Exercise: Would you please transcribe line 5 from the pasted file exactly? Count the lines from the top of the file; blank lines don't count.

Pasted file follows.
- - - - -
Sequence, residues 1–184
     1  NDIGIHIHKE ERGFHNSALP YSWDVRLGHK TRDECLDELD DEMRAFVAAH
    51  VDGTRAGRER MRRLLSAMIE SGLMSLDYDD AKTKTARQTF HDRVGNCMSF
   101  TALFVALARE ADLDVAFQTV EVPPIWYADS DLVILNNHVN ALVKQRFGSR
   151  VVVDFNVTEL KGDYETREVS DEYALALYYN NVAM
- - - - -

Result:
   151  VVVDFNVTEL KGDYETREVS DEYALALYYN NVAM